SOLC Day 27: Thank you, Mrs. Minzy!

March 2021 SOLC–Day 27
A huge thank you to Two Writing Teachers for all that they do to create an amazing community of writers and a safe, welcoming space to write, learn, share and grow.

Dear Mrs. Minzy,

I imagine you’re surprised to hear from me. I’m not even sure if you’ll remember who I am or who Connor is, but I wanted to send you a long overdue thank you.

More than twenty years after you spoke them, I still remember your words. It was Connor’s Parent Teacher conference. I think it was in Kindergarten, but you also taught him in second grade, so it might have been then. At any rate, Connor was a bit of a chatterbox, and I distinctly remember what you didn’t say and what you did say.

You could have said, “Connor calls out too much.” or “Connor needs reminders not to talk during work time.” I’d bet that on some days, you probably were thinking, “Connor won’t shut up!”

Instead, you said this, “Connor has such strong verbal skills and when he learns to manage them better, they’ll be a huge asset to him.” I remember being so appreciative, as a parent, with how you phrased that. How you saw potential rather than merely problem. It struck me powerfully then, years before I even considered becoming a teacher. Now that I am a teacher, it influences how I communicate with parents every day.

Last week at the end of a parent-teacher conference, a parent said to me, “I just want to thank you so much for seeing X. the way you do and how you see positives behind his behaviors that can drive people crazy.” They should have been thanking you, Mrs. Minzy, and I realized that it’s about time that I do so as well. So thank you, for your role in Connor’s education and for framing your view of him through a positive lens. Thank you for helping me to be a better teacher and probably a better person.

With gratitude,

Molly Hogan

16 thoughts on “SOLC Day 27: Thank you, Mrs. Minzy!

  1. This slice really speaks to me. How powerful it is when we reframe and find the strengths within behaviors that we may find personally challenging! What a powerful lesson that Mrs Minzy modeled!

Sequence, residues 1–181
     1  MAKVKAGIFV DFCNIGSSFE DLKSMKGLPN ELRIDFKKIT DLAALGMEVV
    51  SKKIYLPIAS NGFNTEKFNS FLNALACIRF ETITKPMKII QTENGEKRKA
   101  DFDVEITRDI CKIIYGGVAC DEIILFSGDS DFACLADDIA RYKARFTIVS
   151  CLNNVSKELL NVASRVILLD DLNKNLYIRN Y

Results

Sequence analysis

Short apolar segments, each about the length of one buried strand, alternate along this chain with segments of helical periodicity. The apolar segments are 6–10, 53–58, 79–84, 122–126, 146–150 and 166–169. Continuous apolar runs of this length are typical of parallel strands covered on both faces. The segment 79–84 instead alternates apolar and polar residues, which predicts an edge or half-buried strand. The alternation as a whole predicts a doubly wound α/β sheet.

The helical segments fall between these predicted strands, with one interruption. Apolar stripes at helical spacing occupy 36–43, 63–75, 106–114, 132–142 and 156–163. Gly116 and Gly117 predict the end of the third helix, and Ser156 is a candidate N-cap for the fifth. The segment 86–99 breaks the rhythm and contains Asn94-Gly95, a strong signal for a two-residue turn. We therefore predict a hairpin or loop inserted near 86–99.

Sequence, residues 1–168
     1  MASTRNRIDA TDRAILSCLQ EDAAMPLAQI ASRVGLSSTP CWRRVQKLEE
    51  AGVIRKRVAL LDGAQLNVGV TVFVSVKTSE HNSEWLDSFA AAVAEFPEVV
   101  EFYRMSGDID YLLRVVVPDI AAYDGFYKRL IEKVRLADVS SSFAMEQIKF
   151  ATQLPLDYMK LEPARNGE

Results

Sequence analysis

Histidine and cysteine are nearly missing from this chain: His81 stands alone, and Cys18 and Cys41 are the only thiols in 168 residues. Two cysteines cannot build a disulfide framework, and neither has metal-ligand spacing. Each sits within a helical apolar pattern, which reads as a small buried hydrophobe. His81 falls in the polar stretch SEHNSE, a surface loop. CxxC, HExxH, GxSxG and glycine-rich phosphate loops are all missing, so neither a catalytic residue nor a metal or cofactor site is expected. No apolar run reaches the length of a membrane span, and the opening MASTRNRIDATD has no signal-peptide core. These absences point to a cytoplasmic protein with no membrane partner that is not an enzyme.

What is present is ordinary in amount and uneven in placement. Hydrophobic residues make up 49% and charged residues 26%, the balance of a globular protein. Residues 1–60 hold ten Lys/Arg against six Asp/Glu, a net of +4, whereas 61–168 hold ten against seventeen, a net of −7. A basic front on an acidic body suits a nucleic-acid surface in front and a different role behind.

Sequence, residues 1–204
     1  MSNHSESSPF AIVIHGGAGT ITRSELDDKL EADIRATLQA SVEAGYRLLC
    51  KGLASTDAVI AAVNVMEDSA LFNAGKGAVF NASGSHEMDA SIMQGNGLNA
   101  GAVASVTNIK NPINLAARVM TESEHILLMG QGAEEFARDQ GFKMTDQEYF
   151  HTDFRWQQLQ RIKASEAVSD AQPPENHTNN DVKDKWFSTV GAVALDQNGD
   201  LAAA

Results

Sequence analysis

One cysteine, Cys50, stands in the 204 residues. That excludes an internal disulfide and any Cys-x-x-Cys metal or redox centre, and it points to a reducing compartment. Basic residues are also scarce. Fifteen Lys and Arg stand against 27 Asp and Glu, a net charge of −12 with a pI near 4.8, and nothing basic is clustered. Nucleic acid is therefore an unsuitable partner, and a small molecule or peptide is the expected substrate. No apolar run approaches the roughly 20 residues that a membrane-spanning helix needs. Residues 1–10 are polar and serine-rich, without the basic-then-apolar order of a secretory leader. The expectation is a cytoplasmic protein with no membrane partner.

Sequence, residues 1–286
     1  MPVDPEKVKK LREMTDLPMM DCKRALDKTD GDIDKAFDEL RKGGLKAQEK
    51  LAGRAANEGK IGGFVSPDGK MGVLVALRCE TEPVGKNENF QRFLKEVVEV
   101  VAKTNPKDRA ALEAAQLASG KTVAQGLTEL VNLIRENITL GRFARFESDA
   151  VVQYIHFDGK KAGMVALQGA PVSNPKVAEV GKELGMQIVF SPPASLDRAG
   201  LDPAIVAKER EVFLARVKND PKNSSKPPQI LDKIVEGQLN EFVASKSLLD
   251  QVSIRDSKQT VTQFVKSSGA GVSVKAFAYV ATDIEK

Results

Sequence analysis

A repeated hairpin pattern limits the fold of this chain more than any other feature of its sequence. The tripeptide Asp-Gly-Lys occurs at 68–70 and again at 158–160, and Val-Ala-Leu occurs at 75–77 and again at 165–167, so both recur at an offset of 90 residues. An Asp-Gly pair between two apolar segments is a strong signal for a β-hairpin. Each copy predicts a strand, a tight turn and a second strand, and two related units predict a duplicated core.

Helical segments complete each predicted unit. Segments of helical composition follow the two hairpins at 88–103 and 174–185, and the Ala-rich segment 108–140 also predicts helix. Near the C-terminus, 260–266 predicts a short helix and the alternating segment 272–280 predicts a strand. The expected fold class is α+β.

Liked by 1 person

  2. amyilene says:

    I love this letter! I do hope that it finds its intended audience, but it will definitely impact the “secondary” audience here. Thank you…today, I will think about who I should write a letter to!

    Liked by 1 person

  3. dianelisa2 says:

    I like your idea of writing a letter to someone who has had a positive impact on you. Also, I love seeing how little things people do make a huge difference. Your letter is clearly written and sweet.

    Liked by 1 person

  4. Amanda Potts says:

    How lovely! And talk about modeling a strengths-based approach. Connor was lucky to have Mrs. Minzy – and so were you & all the children you teach. Amazing to think of the influence of those words and all the ways they’ve echoed through the world by now. (Also, my last assignment for my 12th graders is to write a thank you note to someone who influenced them during their education. May I use this as an example?)

    Liked by 1 person

  5. Does Mrs. Minzy get your blog? Have you sent her a hard copy for her folder of parent appreciation letters? See the good in each of our kids. Another mantra in my seventies is “Expect the Good.” Days are brighter and happier.

    Liked by 1 person

    • mbhmaine says:

      I haven’t been in touch with her in more than a decade, I bet. I did send a link to her Facebook page. I knew she’d retired, but when I googled her, I saw that she’s still actively seeking to make the world a better place in her corner of the world.


  6. kd0602 says:

    Thanks so much for this powerful reminder as I finalize my report cards and head into conference week. Another blogger wrote a similar post last week…it’s always my aim to be positive and I so appreciate hearing the echoes about how much it matters! This is my first year in decades not doing student-led conferences where positivity is paramount. Thank you Mrs. Minzy and Molly!


    Liked by 1 person

  7. […] (For more on the power of a teacher’s words, consider reading Melanie White’s post Journals or Molly Hogan’s post Thank you, Mrs. Minzy!) […]


  8. humbleswede says:

    This is a great letter and a great illustration of that Henry Adams quote about a teacher never knowing where [her] influence stops. It’s entirely possible the one of your students, or one of your student’s parent will continue this chain reaction. I could write a similar thank you to my daughter’s kindergarten teacher who referred to Sarah as a leader. “When she laughs that big belly laugh, everyone laughs.” I think that could well have meant that she was a bit disruptive, but we appreciated the leadership spin.


  9. notthewholestory says:

    Oh, how much I learned from Mr. David about patience and understanding. I wish I had written him a letter like this, telling him how his actions really changed who I am as a teacher and a human being. I remember how he asked me to go to the office and get him some coffee. Ha! I made it all the way back to his desk, and then I spilled it all over his papers. He said, “Well, let’s clean this up.” He was so calm and understanding, and I remember how this is the antithesis of how my dad would have responded. I have carried this with me my entire life, and I have the same calm response anytime my students make mistakes, drop things, spill things, etc. I just found out that he passed away suddenly last year, so reading this was bittersweet for me. I hope that you can pass this along to Mrs. Minzy, so she can see what a wonderful impact she had on you and your son. Such a wonderful slice!


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